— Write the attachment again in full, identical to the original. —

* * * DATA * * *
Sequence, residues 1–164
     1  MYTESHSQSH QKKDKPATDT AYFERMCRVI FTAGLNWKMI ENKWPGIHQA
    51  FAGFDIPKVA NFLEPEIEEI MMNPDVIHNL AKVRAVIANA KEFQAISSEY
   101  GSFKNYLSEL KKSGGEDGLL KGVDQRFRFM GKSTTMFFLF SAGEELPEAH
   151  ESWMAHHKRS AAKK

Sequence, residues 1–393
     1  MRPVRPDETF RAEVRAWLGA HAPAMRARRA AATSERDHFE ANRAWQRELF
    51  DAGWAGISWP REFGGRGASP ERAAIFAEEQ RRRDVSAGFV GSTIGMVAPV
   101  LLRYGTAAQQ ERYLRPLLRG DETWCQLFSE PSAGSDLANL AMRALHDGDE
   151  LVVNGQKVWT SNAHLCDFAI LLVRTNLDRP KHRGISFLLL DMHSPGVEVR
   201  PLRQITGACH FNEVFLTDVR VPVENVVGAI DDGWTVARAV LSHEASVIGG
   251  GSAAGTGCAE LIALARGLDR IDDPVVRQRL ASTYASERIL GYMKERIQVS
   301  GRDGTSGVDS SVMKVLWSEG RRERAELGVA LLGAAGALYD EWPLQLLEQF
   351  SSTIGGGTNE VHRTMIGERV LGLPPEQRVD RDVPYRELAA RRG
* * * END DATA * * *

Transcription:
Sequence, residues 1–164
     1  MYTESHSQSH QKKDKPATDT AYFERMCRVI FTAGLNWKMI ENKWPGIHQA
    51  FAGFDIPKVA NFLEPEIEEI MMNPDVIHNL AKVRAVIANA KEFQAISSEY
   101  GSFKNYLSEL KKSGGEDGLL KGVDQRFRFM GKSTTMFFLF SAGEELPEAH
   151  ESWMAHHKRS AAKK

Sequence, residues 1–393
     1  MRPVRPDETF RAEVRAWLGA HAPAMRARRA AATSERDHFE ANRAWQRELF
    51  DAGWAGISWP REFGGRGASP ERAAIFAEEQ RRRDVSAGFV GSTIGMVAPV
   101  LLRYGTAAQQ ERYLRPLLRG DETWCQLFSE PSAGSDLANL AMRALHDGDE
   151  LVVNGQKVWT SNAHLCDFAI LLVRTNLDRP KHRGISFLLL DMHSPGVEVR
   201  PLRQITGACH FNEVFLTDVR VPVENVVGAI DDGWTVARAV LSHEASVIGG
   251  GSAAGTGCAE LIALARGLDR IDDPVVRQRL ASTYASERIL GYMKERIQVS
   301  GRDGTSGVDS SVMKVLWSEG RRERAELGVA LLGAAGALYD EWPLQLLEQF
   351  SSTIGGGTNE VHRTMIGERV LGLPPEQRVD RDVPYRELAA RRG